William C. Blome writes short fiction and poetry. He lives wedged between Baltimore and Washington, DC, and he once grabbed a master’s degree from the Johns Hopkins University Writing Seminars while the getting was good. His work has previously seen the light of day in such fine little mags as Scarlet Leaf Review, Amarillo Bay, PRISM International, Fiction Southeast, Roanoke Review, Salted Feathers and The California Quarterly.
Okay, so here’s another procedure down the pipe, nothing else is scheduled for today, and my new Billy Casper putter (yeah, I snared it from a Goodwill store, but it’s new to my ass anyway) impatiently waits in the bag just to show me the good luck and skill I know is in it for dropping long putts all over the swiss-cheese surface of the practice green, and so I’m ready as rain to get the hell out of here after I finagle a canoe needle and a figure 8 stitch to suture up this bastard as tight and smooth as the day he slid out of his momma, when, wow, there’s a loud cry from near the autoclave, and all of us still huddled around the patient naturally want to know what’s up. Then one of the two young busty techs in purple scrubs comes galloping back to tell us her rider’s gone invisible! [Oh don’t believe that, I’m only joshing, ‘just trying to be a tad funny with my words, me and my fucking comic relief!]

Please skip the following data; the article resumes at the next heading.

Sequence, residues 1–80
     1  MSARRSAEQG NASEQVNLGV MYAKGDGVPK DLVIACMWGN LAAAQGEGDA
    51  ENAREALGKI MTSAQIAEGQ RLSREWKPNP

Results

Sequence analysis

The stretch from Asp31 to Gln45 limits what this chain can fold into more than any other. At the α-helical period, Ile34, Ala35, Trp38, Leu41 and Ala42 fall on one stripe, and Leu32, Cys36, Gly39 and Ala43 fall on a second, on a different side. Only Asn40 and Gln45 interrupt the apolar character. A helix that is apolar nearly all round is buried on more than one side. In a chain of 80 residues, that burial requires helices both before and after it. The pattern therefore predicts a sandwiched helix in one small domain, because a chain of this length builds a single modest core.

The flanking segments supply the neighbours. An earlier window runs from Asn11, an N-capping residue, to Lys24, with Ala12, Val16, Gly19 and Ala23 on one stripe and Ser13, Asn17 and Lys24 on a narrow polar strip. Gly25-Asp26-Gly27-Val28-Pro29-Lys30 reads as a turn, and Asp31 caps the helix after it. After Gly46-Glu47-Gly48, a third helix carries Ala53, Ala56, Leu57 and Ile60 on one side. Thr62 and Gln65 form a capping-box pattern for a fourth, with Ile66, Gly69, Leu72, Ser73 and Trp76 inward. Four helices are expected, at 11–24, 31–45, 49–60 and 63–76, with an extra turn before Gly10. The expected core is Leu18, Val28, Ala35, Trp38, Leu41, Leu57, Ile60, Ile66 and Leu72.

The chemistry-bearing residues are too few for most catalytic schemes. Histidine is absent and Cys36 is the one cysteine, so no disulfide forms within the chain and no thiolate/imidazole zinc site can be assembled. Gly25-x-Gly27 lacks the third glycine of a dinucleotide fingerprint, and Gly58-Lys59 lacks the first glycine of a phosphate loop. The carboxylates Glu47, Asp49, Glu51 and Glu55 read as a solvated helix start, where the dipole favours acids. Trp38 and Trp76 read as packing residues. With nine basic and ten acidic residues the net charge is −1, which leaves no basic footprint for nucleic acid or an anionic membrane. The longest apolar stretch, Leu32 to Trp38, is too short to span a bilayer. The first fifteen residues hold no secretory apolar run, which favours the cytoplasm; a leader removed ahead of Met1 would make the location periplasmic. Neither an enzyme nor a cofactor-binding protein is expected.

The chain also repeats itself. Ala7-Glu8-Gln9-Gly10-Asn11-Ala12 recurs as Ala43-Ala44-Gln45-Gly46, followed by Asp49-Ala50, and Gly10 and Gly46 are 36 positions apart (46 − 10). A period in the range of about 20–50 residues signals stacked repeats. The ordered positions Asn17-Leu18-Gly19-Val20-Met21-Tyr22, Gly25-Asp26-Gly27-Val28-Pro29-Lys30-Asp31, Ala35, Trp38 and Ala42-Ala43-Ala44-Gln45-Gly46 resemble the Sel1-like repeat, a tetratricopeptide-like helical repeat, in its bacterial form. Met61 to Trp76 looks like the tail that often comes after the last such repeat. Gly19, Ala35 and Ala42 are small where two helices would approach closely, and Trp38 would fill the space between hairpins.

But this fine, fine purple tech is now saying—and she’s shaken up to the point where she’s starting to pant and heave those tits—that all four bins of instruments she placed in the autoclave and just finished sterilizing have actually changed their texture and shape, and that as much as she can discern in the shock of sudden discovery, “Some have gone leathery, some have crumbled like graham crackers, some have become plumes and feathers, and a few turned into concrete-hard pieces of strung-out taffy. I’ve never seen anything like this before.” And the little sexpot adds, “But the funny thing is, everything stayed all silvery and shiny.”